Can the National Grid handle the growing number of EVs on the road?
It is estimated that there will be over 100m passenger EVs on the road by 2026. And with the total ban on the sale of new petrol and diesel cars just four short years after this point and the price of EVs generally falling, an increase in EVs on the road – and therefore needing charging – seems inevitable.
But will there be enough electricity to go round? And can the grid cope with so many cars charging up?
Our national grid is designed to meet peaks in demand – like 6pm on a cold winter evening when lots of people get home, put the heating on and cook tea – so outside of these ‘peaks’ there is already a lot of spare capacity in the system. Wiggle room, if you like, that could definitely be used to charge up a growing number of electric cars.
If a car-charging peak overlapped with an existing routine peak (like an evening meal on a cold night), it’s possible to imagine a system under strain. But that seems unlikely given that the usual time to charge up an EV is at home overnight, when general power demand is at its lowest anyway. Some energy providers are even already offering intelligent charging for the cheapest, greenest (and therefore also most grid-friendly) times – further benefiting both EV drivers, and easing pressure on the grid itself.
In the future V2G (vehicle-to-grid) technology may enhance this even further. V2G means electric car owners can send surplus electricity back to the grid when demand is high, and recharge again when demand is low. Something that is already possible for solar panel owners across the UK. In this context EVs could actually help the grid to meet demand, rather than hinder it.
And the National Grid itself seems confident in its own ability. Apparently the UK reached its peak demand for electricity back in 2002 when it hit 62GW and, since then, improved energy efficiency and advances in renewable energy means our collective demand has fallen by roughly 16% So, it argues, that “even if we all switched to EVs overnight, we believe demand would only increase by around 10%. So we’d still be using less power as a nation than we did in 2002 and this is well within the range of manageable load fluctuation.”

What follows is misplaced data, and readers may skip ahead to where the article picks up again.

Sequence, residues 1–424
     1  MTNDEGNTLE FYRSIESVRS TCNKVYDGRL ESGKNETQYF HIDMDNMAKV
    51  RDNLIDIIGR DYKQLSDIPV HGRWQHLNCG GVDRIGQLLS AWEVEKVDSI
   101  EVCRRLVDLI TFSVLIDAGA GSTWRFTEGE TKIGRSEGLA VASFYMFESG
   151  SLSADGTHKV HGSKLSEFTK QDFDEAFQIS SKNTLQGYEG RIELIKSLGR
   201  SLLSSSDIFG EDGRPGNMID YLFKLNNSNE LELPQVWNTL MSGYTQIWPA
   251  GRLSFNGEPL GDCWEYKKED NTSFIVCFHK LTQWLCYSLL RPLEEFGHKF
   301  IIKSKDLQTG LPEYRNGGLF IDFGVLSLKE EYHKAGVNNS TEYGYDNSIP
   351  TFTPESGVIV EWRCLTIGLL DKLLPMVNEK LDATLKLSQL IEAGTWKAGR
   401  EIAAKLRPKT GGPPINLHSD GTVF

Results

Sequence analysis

Also key to remember is that any increase in demand won’t happen overnight – the grid is constantly being evolved and upgraded and there’s every indication that the UK Government is committed to supporting EV ownership with a future-proof national grid. It has set the target of achieving net-zero carbon emissions by 2050 – and replacing fuel-burning vehicles with more eco-friendly EVs is a key part of that strategy.
So YES. We believe the National Grid WILL be able to handle the increasing number of EVs on the road.
Which is great news for the planet, the UK and for us here at Goblin HQ, too. Our charging products rely on the National Grid just as much as the EVs on the road, and we’re confident that a supercharged future is not just possible, but imminent.
Join the revolution by bagging yourself one of our state-of-the-art chargers. Now available on Amazon: https://tinyurl.com/evcables